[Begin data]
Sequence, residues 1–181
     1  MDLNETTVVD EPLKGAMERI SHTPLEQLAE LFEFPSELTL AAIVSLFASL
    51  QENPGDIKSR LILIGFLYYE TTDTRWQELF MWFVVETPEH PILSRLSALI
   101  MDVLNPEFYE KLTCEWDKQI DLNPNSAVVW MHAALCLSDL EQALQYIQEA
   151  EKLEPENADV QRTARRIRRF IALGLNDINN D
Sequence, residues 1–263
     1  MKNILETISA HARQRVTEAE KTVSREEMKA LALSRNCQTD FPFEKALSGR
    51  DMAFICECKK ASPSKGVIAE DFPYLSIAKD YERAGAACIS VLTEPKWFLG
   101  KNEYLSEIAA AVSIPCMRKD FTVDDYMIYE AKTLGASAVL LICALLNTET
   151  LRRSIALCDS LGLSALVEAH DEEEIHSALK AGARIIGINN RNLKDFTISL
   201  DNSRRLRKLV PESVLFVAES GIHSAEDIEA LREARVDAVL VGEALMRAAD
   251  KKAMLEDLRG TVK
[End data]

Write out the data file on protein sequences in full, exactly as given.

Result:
Sequence, residues 1–181
     1  MDLNETTVVD EPLKGAMERI SHTPLEQLAE LFEFPSELTL AAIVSLFASL
    51  QENPGDIKSR LILIGFLYYE TTDTRWQELF MWFVVETPEH PILSRLSALI
   101  MDVLNPEFYE KLTCEWDKQI DLNPNSAVVW MHAALCLSDL EQALQYIQEA
   151  EKLEPENADV QRTARRIRRF IALGLNDINN D
Sequence, residues 1–263
     1  MKNILETISA HARQRVTEAE KTVSREEMKA LALSRNCQTD FPFEKALSGR
    51  DMAFICECKK ASPSKGVIAE DFPYLSIAKD YERAGAACIS VLTEPKWFLG
   101  KNEYLSEIAA AVSIPCMRKD FTVDDYMIYE AKTLGASAVL LICALLNTET
   151  LRRSIALCDS LGLSALVEAH DEEEIHSALK AGARIIGINN RNLKDFTISL
   201  DNSRRLRKLV PESVLFVAES GIHSAEDIEA LREARVDAVL VGEALMRAAD
   251  KKAMLEDLRG TVK